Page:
What do multi-cultural working groups help to do?
- avoid a US bias or single way of thinking
- get buy-in from non-US constituencies
- avoid employees feeling that management has a top-down approach. It gives everyone a say. It ensures geographical diversity.
- ensure the balance of products, customers and geographical representation.
Past Chairman of General Electric, Jack Welch
Let us now look at Jack Welch’s quote,
“The Jack Welch of the future cannot be like me. I spent my entire career in the United States. The next head of General Electric will be somebody who spent time in Bombay, in Hong Kong, in Buenos Aires.”
From this quote, Jack Welch sees someone that will replace him that is not from another culture but who has been exposed to several cultures.
Leaders with one cultural identity compared to highly mobile leaders with multiple cultural identities
At a presentation of a World Reknown Trade Organisation, I had just finished describing a leader with one cultural identity and grounded in one culture with a global nomadic leader. Global Nomadic Leaders have multiple cultural identities and are highly mobile. They are defined as follows:
Who are Global Nomadic Leaders?
- Global because they were raised in multiple cultures and grew up speaking multiple languages at a time when their personalities were being formed. This leader has also had significant experience with a host culture.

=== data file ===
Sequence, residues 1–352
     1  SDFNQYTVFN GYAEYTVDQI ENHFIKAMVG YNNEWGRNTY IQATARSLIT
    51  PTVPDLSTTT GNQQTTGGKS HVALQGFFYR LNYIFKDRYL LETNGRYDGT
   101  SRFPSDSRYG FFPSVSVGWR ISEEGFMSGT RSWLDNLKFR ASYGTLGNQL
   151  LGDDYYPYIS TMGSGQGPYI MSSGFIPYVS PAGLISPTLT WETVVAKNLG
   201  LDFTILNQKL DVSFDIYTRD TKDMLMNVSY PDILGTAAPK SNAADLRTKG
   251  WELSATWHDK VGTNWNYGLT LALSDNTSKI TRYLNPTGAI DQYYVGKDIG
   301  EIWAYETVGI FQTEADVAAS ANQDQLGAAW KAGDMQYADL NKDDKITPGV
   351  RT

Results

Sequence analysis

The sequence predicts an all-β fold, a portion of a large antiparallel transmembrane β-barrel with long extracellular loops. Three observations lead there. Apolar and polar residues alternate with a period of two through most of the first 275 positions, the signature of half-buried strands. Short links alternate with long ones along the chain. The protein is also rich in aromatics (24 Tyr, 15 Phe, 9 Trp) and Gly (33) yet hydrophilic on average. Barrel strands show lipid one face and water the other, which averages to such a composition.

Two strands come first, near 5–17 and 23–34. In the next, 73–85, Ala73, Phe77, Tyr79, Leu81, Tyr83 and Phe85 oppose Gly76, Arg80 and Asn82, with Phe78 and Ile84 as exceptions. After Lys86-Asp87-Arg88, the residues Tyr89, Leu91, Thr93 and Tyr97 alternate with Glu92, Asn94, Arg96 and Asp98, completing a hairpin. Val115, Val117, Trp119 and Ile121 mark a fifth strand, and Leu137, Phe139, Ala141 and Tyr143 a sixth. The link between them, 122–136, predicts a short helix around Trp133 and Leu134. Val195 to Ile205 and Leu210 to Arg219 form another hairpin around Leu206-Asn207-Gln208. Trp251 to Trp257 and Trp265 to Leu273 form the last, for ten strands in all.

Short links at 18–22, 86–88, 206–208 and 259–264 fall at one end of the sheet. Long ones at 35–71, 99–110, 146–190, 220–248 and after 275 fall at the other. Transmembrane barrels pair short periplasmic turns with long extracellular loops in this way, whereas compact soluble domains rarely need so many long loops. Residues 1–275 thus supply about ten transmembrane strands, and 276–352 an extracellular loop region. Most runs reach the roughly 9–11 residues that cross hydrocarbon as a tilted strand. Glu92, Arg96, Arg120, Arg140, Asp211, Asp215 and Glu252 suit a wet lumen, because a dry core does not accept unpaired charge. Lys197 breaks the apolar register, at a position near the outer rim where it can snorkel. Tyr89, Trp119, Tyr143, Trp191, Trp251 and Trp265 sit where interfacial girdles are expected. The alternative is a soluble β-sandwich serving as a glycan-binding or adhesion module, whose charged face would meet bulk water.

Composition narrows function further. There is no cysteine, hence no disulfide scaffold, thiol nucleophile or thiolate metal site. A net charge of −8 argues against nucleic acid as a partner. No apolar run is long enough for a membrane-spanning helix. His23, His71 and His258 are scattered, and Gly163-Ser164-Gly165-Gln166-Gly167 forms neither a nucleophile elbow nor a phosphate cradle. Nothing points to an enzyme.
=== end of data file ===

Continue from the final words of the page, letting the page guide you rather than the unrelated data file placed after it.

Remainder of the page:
- Nomadic when they grew up being and continue to be mobile.
- Leaders because they are currently in a position of authority, working across national and corporate cultures and within a complex, multi-cultural context. If you ask global nomadic leaders where home is, they will likely say something like, “Home is everywhere and nowhere”
My assumption was that this World Renown Trade Organization needed a mass of global nomadic leaders for such a multi-cultural institution. As a coach, I changed my assumption into an unbiased question and decided to ask what percentage of all of their leaders had one cultural identity and what percent were global nomadic leaders? To my surprise, they said they needed 50% of global nomadic leaders and 50% of leaders with a strong, single cultural identity.
World renown trade organization
I continued my research with a group of leaders from this World Renown Trade Organisation. “What qualities are you looking for in your leaders?” I asked. They answered, “Openness, adaptability and cultural sensitivity. I then asked my favorite question “Why?”
“Because our job is to enhance commerce between countries and we need people who are well-grounded and connected in the local culture.” by members of the World Renown Trade Organization.
A global nomadic leader’s response
A person in the back of the room waved his hand. “I am half Tunisian and half French. My fellow compatriots in Tunisia don’t see me as a true representative of Tunisia. They do not feel I really represent them because I am from two different cultures. I do not have the same local network as someone that has lived in Tunisia all his life.”